I don’t know about you, but I’m finding all the chatter around Prince Harry’s
book extraordinarily dull. It has been relentless and there has been too little about food. Although I did read a collection of “takeaways” from it which mentioned Meghan being given Marmite crumpets upon first visiting
Buckingham Palace. That bit sounds all right. Although Bovril is always a better shout, isn’t it?
More interesting to me is the subject of fish pie and variations thereof. This
is because the layering of fish among butter, mustard and cream is more complex and nuanced by design than any royal tome.
A classic fish pie might call for salmon, cod, and prawns. Smoked haddock too, arguably. This combination is all very well and by no means do away with it, but this is a dish that readily allows experimentation. If you get the sauce right and are generous enough with the toppings, any fish becomes
suitable – which is to say, lesser-used species, and cheaper ones to boot.
In this cost-of-living crisis, and amidst this endlessly dreary, cold weather, few dishes will soothe and warm you more than fish pie. It is a majestic dish that elevates the likes of whiting and ling which are used in this recipe from Mitch Tonks.
Tonks, who owns the excellent group of southwest-based seafood restaurants Rockfish, as well as The Seahorse – his flagship – in Dartmouth, Devon, is an expert in utilising what’s available; in taking the day’s catch and turning it into something special.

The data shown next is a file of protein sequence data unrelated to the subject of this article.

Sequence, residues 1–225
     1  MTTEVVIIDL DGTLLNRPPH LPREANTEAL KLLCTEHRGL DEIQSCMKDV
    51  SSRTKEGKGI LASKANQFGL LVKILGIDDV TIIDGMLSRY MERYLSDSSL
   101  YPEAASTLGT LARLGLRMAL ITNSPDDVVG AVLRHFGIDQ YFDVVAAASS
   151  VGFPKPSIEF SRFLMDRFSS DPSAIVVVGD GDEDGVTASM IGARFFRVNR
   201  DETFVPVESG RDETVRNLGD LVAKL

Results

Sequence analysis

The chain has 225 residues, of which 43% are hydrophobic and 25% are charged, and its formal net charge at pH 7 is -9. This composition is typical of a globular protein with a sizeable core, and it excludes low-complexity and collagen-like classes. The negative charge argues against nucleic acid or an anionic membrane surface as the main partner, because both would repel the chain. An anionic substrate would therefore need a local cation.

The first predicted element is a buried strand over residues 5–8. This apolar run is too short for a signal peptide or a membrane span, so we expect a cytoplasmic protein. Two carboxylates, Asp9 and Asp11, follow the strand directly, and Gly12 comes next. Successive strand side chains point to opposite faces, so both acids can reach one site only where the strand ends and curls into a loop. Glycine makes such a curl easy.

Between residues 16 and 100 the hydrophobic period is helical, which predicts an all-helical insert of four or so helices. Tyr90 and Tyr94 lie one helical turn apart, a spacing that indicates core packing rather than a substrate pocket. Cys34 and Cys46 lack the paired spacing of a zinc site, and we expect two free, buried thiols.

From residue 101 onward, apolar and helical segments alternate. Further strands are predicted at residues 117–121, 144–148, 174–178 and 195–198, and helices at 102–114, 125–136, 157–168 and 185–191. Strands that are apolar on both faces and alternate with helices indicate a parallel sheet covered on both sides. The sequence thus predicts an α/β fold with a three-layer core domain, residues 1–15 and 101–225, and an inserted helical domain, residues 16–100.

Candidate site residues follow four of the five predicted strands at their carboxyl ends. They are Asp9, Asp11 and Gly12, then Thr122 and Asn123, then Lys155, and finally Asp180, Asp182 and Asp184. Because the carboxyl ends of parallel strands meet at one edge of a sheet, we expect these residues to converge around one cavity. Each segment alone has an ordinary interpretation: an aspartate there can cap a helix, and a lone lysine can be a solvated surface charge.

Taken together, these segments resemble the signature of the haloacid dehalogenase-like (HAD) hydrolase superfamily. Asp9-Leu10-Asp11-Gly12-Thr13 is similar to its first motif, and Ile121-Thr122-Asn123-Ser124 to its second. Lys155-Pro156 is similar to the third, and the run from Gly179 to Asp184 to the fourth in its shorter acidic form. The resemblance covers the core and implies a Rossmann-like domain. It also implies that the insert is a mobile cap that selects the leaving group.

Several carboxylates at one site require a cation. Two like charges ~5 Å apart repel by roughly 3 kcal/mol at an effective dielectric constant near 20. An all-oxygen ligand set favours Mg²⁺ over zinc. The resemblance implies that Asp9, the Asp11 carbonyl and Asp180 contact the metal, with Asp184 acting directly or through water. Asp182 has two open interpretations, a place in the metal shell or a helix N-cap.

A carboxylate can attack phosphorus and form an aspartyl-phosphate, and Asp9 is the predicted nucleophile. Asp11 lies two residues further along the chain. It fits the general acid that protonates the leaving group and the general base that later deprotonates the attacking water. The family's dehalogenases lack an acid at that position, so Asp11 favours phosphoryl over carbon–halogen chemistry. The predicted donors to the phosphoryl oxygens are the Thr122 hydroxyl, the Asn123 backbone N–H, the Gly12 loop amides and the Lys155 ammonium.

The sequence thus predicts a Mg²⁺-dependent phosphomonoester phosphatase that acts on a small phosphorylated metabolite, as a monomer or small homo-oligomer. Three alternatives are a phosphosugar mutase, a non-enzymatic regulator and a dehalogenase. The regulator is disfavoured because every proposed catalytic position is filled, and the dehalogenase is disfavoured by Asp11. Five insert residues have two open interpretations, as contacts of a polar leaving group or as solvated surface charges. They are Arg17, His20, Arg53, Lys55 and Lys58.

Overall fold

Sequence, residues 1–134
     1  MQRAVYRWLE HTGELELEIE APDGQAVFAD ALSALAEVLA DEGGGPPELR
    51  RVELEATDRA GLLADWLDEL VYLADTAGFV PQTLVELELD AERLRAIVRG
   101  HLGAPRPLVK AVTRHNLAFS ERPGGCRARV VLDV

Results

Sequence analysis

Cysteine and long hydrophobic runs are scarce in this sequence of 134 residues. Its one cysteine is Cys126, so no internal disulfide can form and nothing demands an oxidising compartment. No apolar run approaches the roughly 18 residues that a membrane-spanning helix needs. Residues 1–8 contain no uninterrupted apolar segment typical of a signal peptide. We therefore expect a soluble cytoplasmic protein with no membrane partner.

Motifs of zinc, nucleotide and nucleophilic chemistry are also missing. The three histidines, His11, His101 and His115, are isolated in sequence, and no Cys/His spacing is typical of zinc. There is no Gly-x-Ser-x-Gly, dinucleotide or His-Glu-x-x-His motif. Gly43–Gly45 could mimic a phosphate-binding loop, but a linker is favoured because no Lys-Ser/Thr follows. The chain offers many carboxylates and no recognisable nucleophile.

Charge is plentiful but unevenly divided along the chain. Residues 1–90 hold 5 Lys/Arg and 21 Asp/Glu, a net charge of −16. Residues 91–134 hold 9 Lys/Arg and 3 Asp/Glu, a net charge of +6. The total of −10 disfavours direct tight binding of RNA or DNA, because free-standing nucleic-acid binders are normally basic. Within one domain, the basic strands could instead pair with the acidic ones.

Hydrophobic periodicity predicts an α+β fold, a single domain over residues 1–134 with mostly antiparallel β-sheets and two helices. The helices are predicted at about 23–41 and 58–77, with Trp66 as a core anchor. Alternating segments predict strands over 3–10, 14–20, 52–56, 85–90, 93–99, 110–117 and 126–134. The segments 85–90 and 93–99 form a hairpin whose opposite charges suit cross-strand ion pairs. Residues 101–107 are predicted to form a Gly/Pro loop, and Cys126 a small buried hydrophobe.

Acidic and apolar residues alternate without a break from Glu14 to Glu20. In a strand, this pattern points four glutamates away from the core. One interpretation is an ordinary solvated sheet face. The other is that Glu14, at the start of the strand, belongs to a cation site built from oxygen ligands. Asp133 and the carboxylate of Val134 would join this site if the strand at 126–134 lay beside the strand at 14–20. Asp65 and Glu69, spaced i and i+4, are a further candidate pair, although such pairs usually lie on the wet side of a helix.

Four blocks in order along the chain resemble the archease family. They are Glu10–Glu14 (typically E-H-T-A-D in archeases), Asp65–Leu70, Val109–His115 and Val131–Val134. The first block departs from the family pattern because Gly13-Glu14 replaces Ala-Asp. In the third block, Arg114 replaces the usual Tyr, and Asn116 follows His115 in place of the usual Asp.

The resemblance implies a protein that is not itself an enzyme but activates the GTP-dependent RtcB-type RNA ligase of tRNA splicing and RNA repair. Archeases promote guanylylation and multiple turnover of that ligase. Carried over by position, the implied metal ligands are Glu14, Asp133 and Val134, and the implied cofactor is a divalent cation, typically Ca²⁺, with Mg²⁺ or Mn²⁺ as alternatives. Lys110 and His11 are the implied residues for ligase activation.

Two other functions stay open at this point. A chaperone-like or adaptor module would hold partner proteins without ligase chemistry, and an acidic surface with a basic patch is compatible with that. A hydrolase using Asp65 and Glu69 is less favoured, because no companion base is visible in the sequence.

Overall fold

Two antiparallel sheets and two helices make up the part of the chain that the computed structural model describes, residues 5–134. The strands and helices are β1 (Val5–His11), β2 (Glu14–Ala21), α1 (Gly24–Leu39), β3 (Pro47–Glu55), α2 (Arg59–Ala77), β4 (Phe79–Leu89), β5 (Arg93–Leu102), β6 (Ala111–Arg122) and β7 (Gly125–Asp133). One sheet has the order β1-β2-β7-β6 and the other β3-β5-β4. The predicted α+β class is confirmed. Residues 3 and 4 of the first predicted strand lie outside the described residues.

This version, which he calls a gratin – easier to prepare still – uses monkfish and smoked pollock together with the whiting and ling. Monkfish aside, perhaps, these white fish are too often ignored by diners, yet offer much in the way of flavour and texture. Save the cod and salmon for another day.
Rockfish has its own fish box business – the catch is landed in Brixham, vacuum packed and boxed, ready to be sent anywhere in Britain on the same day. Alternatively, use your local fishmonger or even a supermarket fish pie mix. Whichever way you buy your fish, here’s the best way of using it this week.
300g mixed fish (eg monkfish, smoked pollock, whiting and ling) or a shop-bought fish pie mix
100g shell-on prawns (some peeled, some unpeeled)
2 spring onions
25g butter + additional for grating
150ml double cream
1 tbsp plain flour
1 tsp English mustard
A few black and pink peppercorns
Handful of grated parmesan
Handful of breadcrumbs
Handful of chopped parsley
Pour the milk into a saucepan. Add a bay leaf, a few black and pink peppercorns, English mustard and fish pie mix. Bring to the boil and then leave to simmer.
Chop the leeks finely and add to a dry frying pan – keep stirring to avoid catching on the pan. Once the leeks have softened, add the butter and mix
until it has fully melted. Add the flour and mix.
Keeping the fish in the saucepan, slowly add the milk to the leeks, while stirring, to form a sauce.
Add the double cream, chopped spring onions and a pinch of salt and pepper. Keep stirring as you add the fish and then the prawns.
Transfer the mix into an oven-safe dish, then top with the grated butter,
parmesan and breadcrumbs. Grill on high until crispy and golden on top. Remove from the oven, top with some chopped parsley and serve alongside a crisp salad and some new potatoes.